4 posts • joined 23 Sep 2007
Associated News run an ad network
One thing that people should think about when spreading blame is that the Daily Mail's parent Associated News have an ad network that they offer to third parties. So in this case the network in question may have been themselves.
The problem for the Advertising Networks is that these things can be well disguised so I have a small amount of sympathy for them unfortunately the tools that spot these things often make it impossible to work out which advert caused it by not providing or removing the needed data.
One day everyone will be on the same page fighting the people trying to run these scams rather than pushing blame on the sites that run the adverts or the advertising networks.
Google Site Advisory - is it excessive?
I wonder what people think about all of this. The fact that people attack advertising networks is nothing new and advertising networks need to be on their guard about this.
However when I first saw (what I think was this) I got a message from Google Safe Browsing http://google.com/safebrowsing/diagnostic?tpl=safari&site=220.127.116.11&hl=en-us the message in Google Crome and Safari blocks access to the site and is "quite" negative to non sophisticated user.
In this case the site was dangerous one day in the last 90 and yet if anyone trys to load something off that site it puts up this message (rather than say loading the page WITHOUT the content from that page and putting up a pop up warning).
It always strikes me that this kind of thing makes new people fear the internet where it should be making people understand the risks and stopping them being attacked. This makes the risk appear much worse than it is and so doesn't help the situation. In addition for those that know there really isn't enough information to diagnose the true cause of the error when it is delivered via an advertising network.
Amazing how subeditors can change the perspective of an article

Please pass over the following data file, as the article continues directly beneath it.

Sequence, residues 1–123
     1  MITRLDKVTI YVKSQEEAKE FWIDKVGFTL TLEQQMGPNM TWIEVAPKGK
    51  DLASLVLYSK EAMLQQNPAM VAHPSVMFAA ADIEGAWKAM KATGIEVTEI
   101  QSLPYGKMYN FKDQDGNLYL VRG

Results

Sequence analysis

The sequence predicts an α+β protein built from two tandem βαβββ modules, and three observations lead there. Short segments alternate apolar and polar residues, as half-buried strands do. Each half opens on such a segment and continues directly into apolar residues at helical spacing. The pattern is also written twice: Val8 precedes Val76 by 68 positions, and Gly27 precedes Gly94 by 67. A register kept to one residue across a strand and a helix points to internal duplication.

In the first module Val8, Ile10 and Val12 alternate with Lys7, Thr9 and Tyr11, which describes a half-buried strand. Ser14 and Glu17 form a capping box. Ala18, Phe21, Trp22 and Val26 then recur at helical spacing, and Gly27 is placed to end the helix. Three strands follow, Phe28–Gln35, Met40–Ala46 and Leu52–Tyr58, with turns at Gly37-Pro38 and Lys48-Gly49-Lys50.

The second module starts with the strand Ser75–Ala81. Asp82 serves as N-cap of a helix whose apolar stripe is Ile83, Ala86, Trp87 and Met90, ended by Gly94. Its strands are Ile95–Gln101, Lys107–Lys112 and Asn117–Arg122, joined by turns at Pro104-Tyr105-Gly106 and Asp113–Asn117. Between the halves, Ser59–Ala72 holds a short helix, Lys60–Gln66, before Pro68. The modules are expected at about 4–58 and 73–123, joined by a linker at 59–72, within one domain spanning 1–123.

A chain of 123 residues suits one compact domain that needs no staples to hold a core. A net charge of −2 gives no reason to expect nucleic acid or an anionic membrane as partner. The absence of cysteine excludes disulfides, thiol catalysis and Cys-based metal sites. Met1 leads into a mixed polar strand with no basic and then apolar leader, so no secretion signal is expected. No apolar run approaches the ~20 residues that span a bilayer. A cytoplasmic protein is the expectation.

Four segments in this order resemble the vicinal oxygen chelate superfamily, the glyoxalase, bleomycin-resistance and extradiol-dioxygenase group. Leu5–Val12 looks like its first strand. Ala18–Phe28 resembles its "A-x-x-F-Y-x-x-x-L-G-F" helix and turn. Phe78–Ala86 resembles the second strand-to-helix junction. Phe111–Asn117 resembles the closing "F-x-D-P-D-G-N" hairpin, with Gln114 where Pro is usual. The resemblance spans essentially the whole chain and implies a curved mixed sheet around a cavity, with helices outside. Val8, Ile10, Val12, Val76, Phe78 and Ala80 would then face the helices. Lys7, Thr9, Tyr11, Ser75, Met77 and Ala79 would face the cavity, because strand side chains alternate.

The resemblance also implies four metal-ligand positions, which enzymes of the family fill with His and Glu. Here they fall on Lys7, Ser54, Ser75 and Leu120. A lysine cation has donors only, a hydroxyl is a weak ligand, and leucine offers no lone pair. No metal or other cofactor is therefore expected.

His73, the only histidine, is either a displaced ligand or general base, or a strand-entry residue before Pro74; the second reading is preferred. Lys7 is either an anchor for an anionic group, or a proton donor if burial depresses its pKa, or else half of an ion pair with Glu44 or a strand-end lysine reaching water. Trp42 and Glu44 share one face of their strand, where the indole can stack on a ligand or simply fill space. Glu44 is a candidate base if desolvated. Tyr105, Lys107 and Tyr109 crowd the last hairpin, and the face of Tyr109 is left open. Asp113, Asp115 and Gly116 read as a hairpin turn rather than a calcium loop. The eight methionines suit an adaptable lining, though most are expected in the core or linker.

Hi had a look at the original blog that this article is based on it it titled "OFCOM: DTT Headache" although there are some odd aseritions in the article (TopUp TV and which DTT channels have PSB heretige) on the whole the article makes the case for what it is saying quite well.
The key point that he seems to be making is "DSat will basically be the only economic alternative for people suffering poor reception and the BBC just does not want BSkyB to be seen saving the DSO."
This has always been the obvious solution and OFCOM should have mandated it as a solution rather than have the PSB channels invest a huge amount of money in new secondary transmitters for substantially more than the cost of providing all the people who receive signals from them with satellite dishes and receivers (of any kind).
But the scary BSkyB might want to muscle in on this and so the broadcasters and OFCOM have gone down an expensive route which they can't afford and which will still leave people unable to receive the DTT signal.
If Google want to play at being god...
I think the point that many of you are missing is that where adverts are the issue that Goolge has the technology to help stop the adverts being served but instead of providing that information so that the adverts can be stoped they tell you the page that they were being served from.
Now anyone who has a site that serves adverts will know this is less that useful. The minimum you need is (1) "where was the advert called from - the country - to deal with geo-targeting of advertsing systems" (2) the time it was called (3) the name of the malware being directed towards (4) the advertsing server / network the file is being loaded off and (5) if possible the name of the advert file that is the problem - at the moment usually a flash swf file.
In fact the final bit of information will often be enough.
I'm pretty certain that when they set their test suite on a site that it records this information and if that is the case they could stop the advert being delivered which is surely their goal.
Hopefully Google's Policy team will realise that they can help the situation more by providing enough information to allow the advert to be stopped than the current policy which is to hide their head in the sand and blame the site that was unfortunate enough to have the advert served on there site.
For those who say the sites should be more careful I would say that the example we say was subtle in the way it worked it didn't attack always and didn't appear to be harmful at all. Even more sophisticated all the celver code was held on a remote server which was interrogated in some hidden code to see if it should deply the badware. This is non trivial (if you don't know what you are looking for) and hard if you do.
It has taught us to be much more circumspect but also highlighted the fact that there is an organisation out there that could really help fight this problem but they choose to sit on their hands while waving them shouting "its there" when in fact it is somewhere else.
The additional problem is that as people see more of these "warnings" against sites they use regularly they will loose their effectiveness. A warning that really means something is worthwhile otherwise users will think that Google is "crying woolf" and start ignorning then and problem is that they also use this same warning for sites that have been compromised by hackers and which are dangereous to all visitors rather than being dangerous to 1 in 250,000.
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